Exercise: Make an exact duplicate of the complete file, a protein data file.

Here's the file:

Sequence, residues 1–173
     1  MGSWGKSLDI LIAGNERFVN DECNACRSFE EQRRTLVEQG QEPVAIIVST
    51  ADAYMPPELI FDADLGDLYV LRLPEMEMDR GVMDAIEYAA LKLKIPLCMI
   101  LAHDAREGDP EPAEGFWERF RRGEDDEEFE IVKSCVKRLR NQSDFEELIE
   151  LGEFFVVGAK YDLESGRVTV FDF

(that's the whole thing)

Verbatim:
Sequence, residues 1–173
     1  MGSWGKSLDI LIAGNERFVN DECNACRSFE EQRRTLVEQG QEPVAIIVST
    51  ADAYMPPELI FDADLGDLYV LRLPEMEMDR GVMDAIEYAA LKLKIPLCMI
   101  LAHDAREGDP EPAEGFWERF RRGEDDEEFE IVKSCVKRLR NQSDFEELIE
   151  LGEFFVVGAK YDLESGRVTV FDF